This Homeless Man Learned How to Code and Successfully Launched an App

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Last December, Leo Grand developed a ride-sharing app that helped him earn a modest sum of cash. Although creating an app isn’t something unique, Leo managed to make something from it, even for the fact that he was homeless.

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Four months prior to the launching of the app, he learned to code. And by the time it was released, he became the center of national attention, helping him generate about $14,000. Even so, Leo is still homeless.

Looking back at his story, Leo, as well as his young mentor in programming, Patrick, never really wanted attention. They just wanted to find quick-and-easy solutions for people.

Their story started summer of 2013. Every day, Patrick McConlogue walked to work. On his way, he would notice a homeless man carrying chains diligently hoping to get some exercise. Apparently, the man was Leo Grand

For three years, Leo lived on the streets of Manhattan’s West Side. Patrick, on the other hand, is a programmer for an educational startup.

One day, Patrick realized that maybe his knowledge can be applied somewhere else.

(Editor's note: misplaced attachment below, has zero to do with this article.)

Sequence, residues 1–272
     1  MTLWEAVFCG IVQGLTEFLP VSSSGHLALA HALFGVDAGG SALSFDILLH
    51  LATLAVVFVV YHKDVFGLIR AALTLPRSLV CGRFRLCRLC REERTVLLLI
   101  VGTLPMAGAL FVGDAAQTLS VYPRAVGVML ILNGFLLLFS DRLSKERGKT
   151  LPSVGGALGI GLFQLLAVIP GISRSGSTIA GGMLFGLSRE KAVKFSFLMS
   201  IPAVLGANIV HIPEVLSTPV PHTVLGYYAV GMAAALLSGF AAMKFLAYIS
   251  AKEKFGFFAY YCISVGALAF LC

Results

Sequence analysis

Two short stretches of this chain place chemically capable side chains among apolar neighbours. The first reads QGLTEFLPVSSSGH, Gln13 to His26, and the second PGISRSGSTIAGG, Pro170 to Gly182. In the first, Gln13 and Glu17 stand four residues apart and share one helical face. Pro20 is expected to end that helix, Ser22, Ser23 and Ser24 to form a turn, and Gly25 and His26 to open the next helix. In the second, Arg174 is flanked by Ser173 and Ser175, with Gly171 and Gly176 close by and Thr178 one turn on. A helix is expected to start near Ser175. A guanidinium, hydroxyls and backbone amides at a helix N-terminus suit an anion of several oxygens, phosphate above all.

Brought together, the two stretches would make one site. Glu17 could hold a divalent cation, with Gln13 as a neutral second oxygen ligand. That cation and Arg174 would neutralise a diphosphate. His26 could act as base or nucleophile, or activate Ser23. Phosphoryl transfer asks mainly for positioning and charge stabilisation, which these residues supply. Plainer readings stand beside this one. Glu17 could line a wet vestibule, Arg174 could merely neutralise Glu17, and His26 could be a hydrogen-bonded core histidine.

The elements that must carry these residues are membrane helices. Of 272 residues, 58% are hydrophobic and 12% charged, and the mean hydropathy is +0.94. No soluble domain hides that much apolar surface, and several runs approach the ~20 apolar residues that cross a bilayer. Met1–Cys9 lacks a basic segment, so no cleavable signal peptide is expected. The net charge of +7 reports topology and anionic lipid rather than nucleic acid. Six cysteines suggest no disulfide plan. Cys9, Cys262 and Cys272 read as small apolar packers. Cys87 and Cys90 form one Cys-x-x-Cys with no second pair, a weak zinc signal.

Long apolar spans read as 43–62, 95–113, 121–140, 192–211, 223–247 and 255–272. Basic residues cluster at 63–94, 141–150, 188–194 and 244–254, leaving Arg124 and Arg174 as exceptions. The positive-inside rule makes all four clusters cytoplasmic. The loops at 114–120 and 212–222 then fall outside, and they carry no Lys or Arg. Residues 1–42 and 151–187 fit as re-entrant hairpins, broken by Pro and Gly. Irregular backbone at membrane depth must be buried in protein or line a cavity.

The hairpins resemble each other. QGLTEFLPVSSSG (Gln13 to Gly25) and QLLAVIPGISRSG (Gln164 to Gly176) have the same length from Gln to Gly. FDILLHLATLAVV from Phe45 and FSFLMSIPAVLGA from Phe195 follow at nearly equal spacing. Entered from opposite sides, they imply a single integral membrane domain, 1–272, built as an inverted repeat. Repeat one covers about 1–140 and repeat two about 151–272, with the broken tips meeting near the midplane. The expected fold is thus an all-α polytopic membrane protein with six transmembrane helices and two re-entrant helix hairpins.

Eventually, he started the blog titled “Finding the unjustly homeless and teaching them how to code.” The 23-year-old’s plan was pretty simple: he would ask Leo to choose between two things: receive $100 cash or the opportunity to learn a new skill, which is coding.

If he chose coding, he would give him books on the subject, a durable laptop, charging accessories, as well as daily lessons.

Patrick’s post was widely criticized by readers. Sam Biddle of Valleywag commented, “Surely, Patrick will realize this is degrading and horrible.” Jessica Roy of Time also said that the “homeless are not bit players in your imaginary entrepreneurial novella.”

Despite the varying reactions, Leo took the chance to learn. So Patrick continued his inspirational and special cause. From there, a friendship was born.

Business Insider decided to follow the two guys as they started their journey. They attended a coding lesson that was held in a public park in New York City. From there, they listened to simple conversations and discovered lots of things about the two’s personal lives.

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